Dermatologic Manifestations of Multiple Endocrine Neoplasia Type 1 (MEN1)

Updated: Sep 21, 2022
  • Author: Thomas N Darling, MD, PhD; Chief Editor: Dirk M Elston, MD  more...
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Practice Essentials

Multiple endocrine neoplasia type 1 (MEN1) is an autosomal dominant familial tumor syndrome (also termed Wermer syndrome) characterized by tumors of the parathyroid glands, the enteropancreatic neuroendocrine system, the anterior pituitary gland, and the skin. The most common endocrine tumors are parathyroid tumors that cause hyperparathyroidism and hypercalcemia. Other tumors include gastrinomas, insulinomas, prolactinomas, and carcinoid tumors. [1, 2]

Cutaneous tumors are common in MEN1, but they can be easily overlooked because of their subtle appearance. The cutaneous tumors include multiple angiofibromas (previously considered pathognomonic for tuberous sclerosis), collagenomas, and lipomas. [3, 4] Other dermatologic findings are café au lait macules, confetti-like hypopigmented macules, and multiple gingival papules. [3]

Angiofibromas and collagenomas are markers for this tumor syndrome. In the evaluation of a cohort of patients with Zollinger-Ellison syndrome due to gastrinomas, for example, the dermatological criterion of more than 3 angiofibromas or 1 or more collagenomas was sensitive (75%) and specific (95%) for the diagnosis of MEN1. [5]

For patient education resources related to multiple endocrine neoplasia type 1 (MEN1), see the Symptoms of Multiple Endocrine Neoplasia, as well as Anatomy of the Endocrine System.



Patients with MEN1 inherit a mutation in a tumor suppressor gene called MEN1 on chromosome band 11q13. [6, 7] This gene encodes a 610-amino acid protein, menin, that regulates transcription, proliferation, and genome stability. Menin appears to be located mostly in the nucleus, where it has multiple binding partners, including junD and histone modifiers. [8, 9, 10] A mutant menin has been shown to be defective for the transforming growth factor-beta signaling pathway. [11]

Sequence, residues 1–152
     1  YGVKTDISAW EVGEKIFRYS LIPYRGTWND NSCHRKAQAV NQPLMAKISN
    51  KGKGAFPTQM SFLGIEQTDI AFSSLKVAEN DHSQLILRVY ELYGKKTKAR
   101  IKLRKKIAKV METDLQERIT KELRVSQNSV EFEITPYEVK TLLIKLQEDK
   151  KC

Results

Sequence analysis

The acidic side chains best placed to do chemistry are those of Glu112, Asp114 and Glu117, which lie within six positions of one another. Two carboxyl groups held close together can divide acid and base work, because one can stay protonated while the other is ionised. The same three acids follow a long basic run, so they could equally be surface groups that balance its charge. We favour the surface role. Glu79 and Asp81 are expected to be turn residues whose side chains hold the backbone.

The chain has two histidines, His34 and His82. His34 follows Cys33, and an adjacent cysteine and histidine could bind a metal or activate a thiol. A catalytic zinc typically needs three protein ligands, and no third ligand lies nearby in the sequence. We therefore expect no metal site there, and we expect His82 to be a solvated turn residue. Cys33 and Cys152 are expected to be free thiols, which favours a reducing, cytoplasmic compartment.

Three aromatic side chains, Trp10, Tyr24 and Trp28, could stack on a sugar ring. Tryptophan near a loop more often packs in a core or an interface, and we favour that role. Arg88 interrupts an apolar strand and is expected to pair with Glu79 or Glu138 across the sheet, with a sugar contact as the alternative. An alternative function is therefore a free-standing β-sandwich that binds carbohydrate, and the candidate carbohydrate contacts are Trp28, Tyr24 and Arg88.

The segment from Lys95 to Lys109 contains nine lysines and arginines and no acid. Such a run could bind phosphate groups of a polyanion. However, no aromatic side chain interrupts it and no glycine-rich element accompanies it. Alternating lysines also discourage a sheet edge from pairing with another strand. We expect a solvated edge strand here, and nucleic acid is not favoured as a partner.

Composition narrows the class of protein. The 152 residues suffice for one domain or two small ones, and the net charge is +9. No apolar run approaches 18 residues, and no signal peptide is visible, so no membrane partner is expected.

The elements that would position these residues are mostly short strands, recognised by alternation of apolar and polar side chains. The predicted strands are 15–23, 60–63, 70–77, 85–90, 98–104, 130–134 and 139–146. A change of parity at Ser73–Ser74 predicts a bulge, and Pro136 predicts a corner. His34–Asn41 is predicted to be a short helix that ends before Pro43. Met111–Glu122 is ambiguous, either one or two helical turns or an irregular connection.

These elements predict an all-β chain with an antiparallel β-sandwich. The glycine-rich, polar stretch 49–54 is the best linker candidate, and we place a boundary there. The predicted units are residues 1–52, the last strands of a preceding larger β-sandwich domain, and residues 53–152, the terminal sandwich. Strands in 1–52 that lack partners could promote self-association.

Tumor formation involves inactivating mutations of both alleles of the MEN1 gene. In people without MEN1, two independent somatic mutations must occur within a single cell for tumor formation. In an individual with MEN1 , the first mutation is already present in all of the patient's cells, so that only a single somatic mutation is required. This accounts for the multiple tumors and the tumors occurring at an earlier age. Second-hit mutations in MEN1 have been documented in angiofibromas, collagenomas, and lipomas in patients with MEN1. [12, 13, 14]




Worldwide, the frequency of MEN1 is estimated to be 1 case in 30,000 persons. [15]

Race- and sex-related demographics

No racial predilection is known for MEN1. Incidence rates of MEN1 are equal for men and women, and the frequencies of most tumors are similar in men and women, except that bronchial carcinoids are more common in women and thymic carcinoids are more common in men. [1, 16, 17]


The age of onset of endocrine tumors is usually in the teenage years. However, symptoms from these tumors may not appear for several years, and the diagnosis is frequently delayed until the fourth decade of life. Cutaneous tumors may develop prior to the manifestation of overt clinical symptoms resulting from endocrine tumors. The earliest cutaneous tumors appear in the teenaged years. The recognition of these cutaneous tumors has been used in the presymptomatic diagnosis of patients with MEN1. [18, 19]



In MEN1, benign endocrine and cutaneous tumors cause morbidity, and malignancies cause most mortality, with 70% of deaths caused by duodenopancreatic neuroendocrine tumors and thymic carcinoids.  Women have lower mortality rates than men, likely due to the higher incidence of thymic tumors. [20]

Endocrine tumors may hypersecrete hormone, causing hypercalcemia and recurrent nephrolithiasis (hyperparathyroidism), Zollinger-Ellison syndrome (hypergastrinemia), hypoglycemia (hyperinsulinemia), amenorrhea (hyperprolactinemia), or acromegaly (excess growth hormone).

Tumors of the pituitary gland may cause symptoms by mass effects. Pancreatic endocrine tumors, particularly gastrinomas, become malignant in about 50% of patients with MEN1. Untreated, patients may die from peptic ulcer disease, metastatic endocrine pancreatic carcinoma, or foregut carcinoid malignancy.

Angiofibromas, collagenomas, and lipomas do not typically cause symptoms, and they are mostly of cosmetic concern.